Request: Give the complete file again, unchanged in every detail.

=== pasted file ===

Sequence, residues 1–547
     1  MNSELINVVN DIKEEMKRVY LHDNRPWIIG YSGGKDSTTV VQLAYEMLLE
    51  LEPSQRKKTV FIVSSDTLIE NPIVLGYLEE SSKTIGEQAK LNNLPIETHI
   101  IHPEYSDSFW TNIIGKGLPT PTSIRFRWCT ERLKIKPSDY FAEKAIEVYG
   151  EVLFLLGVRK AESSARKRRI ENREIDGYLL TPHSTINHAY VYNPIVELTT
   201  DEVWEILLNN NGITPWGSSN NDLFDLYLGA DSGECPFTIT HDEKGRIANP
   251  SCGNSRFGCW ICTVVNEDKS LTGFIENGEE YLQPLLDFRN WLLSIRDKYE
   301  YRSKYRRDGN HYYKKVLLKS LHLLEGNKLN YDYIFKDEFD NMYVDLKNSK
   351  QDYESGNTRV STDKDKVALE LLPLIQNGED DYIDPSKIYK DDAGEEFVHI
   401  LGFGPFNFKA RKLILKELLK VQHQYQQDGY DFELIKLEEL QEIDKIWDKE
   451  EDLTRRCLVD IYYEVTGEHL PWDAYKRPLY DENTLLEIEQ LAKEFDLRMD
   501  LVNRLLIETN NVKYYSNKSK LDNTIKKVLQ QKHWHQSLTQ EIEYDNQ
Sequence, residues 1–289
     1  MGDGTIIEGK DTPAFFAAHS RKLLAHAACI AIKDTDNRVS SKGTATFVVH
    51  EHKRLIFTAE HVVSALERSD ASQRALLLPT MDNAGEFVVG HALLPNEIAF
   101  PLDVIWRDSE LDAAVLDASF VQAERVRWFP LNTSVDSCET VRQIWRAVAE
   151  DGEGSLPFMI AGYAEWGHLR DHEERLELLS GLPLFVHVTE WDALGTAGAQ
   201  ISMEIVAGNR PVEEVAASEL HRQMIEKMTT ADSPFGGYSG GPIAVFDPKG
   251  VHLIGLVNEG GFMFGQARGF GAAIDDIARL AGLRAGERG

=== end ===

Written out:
Sequence, residues 1–547
     1  MNSELINVVN DIKEEMKRVY LHDNRPWIIG YSGGKDSTTV VQLAYEMLLE
    51  LEPSQRKKTV FIVSSDTLIE NPIVLGYLEE SSKTIGEQAK LNNLPIETHI
   101  IHPEYSDSFW TNIIGKGLPT PTSIRFRWCT ERLKIKPSDY FAEKAIEVYG
   151  EVLFLLGVRK AESSARKRRI ENREIDGYLL TPHSTINHAY VYNPIVELTT
   201  DEVWEILLNN NGITPWGSSN NDLFDLYLGA DSGECPFTIT HDEKGRIANP
   251  SCGNSRFGCW ICTVVNEDKS LTGFIENGEE YLQPLLDFRN WLLSIRDKYE
   301  YRSKYRRDGN HYYKKVLLKS LHLLEGNKLN YDYIFKDEFD NMYVDLKNSK
   351  QDYESGNTRV STDKDKVALE LLPLIQNGED DYIDPSKIYK DDAGEEFVHI
   401  LGFGPFNFKA RKLILKELLK VQHQYQQDGY DFELIKLEEL QEIDKIWDKE
   451  EDLTRRCLVD IYYEVTGEHL PWDAYKRPLY DENTLLEIEQ LAKEFDLRMD
   501  LVNRLLIETN NVKYYSNKSK LDNTIKKVLQ QKHWHQSLTQ EIEYDNQ
Sequence, residues 1–289
     1  MGDGTIIEGK DTPAFFAAHS RKLLAHAACI AIKDTDNRVS SKGTATFVVH
    51  EHKRLIFTAE HVVSALERSD ASQRALLLPT MDNAGEFVVG HALLPNEIAF
   101  PLDVIWRDSE LDAAVLDASF VQAERVRWFP LNTSVDSCET VRQIWRAVAE
   151  DGEGSLPFMI AGYAEWGHLR DHEERLELLS GLPLFVHVTE WDALGTAGAQ
   201  ISMEIVAGNR PVEEVAASEL HRQMIEKMTT ADSPFGGYSG GPIAVFDPKG
   251  VHLIGLVNEG GFMFGQARGF GAAIDDIARL AGLRAGERG